### Mapping Tool Box

##### Communication Networks Between Center and Outside Limits

Newtools geometry is based in the synergy of the parts of fundamental structures; the interconnectedness of the communication networks that exist between the centers of geometrical systems and the locations-in-common that exist on their outside limits.

â€‹

I have made a separate section of the mapping tool box to explain the mapping of the interiors of the Five Platonic Solids with the VE as an outside boundary for our maps.

#### Original 146 Fractal Directions

##### Your Imagination and Simple Design-in-Nature

The 'First Burst' in All-Directions-All-at-Once

How you map the interiors is arbitrary. My first map of what I call the 'first burst' had 146 directions radiating out from the center of this VE (vector equilibrium). The directions without a boundary make it hard to see a pattern. It is when we map the outside limit of this system that the pattern becomes clear; it is a simple fractal pattern you see in Nature. You divide the edge in half, then divide that edge in half, on and on.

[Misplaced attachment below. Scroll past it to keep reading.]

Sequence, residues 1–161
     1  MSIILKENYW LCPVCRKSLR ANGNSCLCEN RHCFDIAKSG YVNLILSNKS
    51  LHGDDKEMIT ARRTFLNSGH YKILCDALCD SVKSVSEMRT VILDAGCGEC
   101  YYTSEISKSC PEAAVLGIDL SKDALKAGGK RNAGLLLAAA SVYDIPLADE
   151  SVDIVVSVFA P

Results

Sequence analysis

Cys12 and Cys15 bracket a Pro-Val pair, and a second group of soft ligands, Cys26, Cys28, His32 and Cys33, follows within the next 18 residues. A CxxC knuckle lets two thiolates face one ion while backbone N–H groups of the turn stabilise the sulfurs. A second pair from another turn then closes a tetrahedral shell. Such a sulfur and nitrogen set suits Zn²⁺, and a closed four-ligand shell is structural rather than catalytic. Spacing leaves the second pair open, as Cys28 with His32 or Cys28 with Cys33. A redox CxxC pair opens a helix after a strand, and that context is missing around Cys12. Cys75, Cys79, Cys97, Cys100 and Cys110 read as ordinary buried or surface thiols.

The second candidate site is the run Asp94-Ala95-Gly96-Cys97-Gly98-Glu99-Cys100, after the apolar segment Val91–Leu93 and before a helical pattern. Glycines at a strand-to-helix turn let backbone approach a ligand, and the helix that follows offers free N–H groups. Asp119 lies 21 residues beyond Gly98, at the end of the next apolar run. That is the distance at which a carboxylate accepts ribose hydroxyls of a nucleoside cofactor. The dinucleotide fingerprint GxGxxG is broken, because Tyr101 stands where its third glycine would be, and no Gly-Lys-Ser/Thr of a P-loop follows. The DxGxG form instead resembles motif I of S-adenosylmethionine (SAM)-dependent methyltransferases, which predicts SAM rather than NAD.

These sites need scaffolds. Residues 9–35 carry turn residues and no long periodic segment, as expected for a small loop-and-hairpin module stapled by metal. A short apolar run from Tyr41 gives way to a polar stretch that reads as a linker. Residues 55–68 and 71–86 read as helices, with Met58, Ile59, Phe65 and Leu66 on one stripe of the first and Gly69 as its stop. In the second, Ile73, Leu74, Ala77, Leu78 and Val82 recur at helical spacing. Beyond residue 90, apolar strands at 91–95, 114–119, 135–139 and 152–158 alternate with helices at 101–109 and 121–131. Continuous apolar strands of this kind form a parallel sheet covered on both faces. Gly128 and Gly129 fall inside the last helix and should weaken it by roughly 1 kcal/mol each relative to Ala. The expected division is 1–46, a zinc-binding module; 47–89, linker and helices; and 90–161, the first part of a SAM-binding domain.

â€‹

This building pattern begins with the distance between the VE's center and the midpoint of its outside edge, (B) = √3(3BB) = 10.392304...cm. The end of the pattern is the distance between the center and the center of the square face of the VE, (D) = √2(3BB) = 8.48528...cm. Between these two locations is the symmetric division of these two numbers to define all of the other lines of communication from the center to the outside limits in the fractal pattern.

There are many different kinds of fractal patterns found in Nature. The one we have chosen is the simplest, keep dividing in half. In the center photo it is easy to see the golden ratio, 0.618033988749895... in the construction. The leaves have a 5-sided pentagonal relationship.

My first attempt at mapping the interiors of geometrical systems produced a symmetrical, logical division between the square roots of 3 and 2 relative to 3BB. That a set of square roots of fractions had such an interconnectedness gave me enough encouragement to continue to explore more efficient methods of mapping.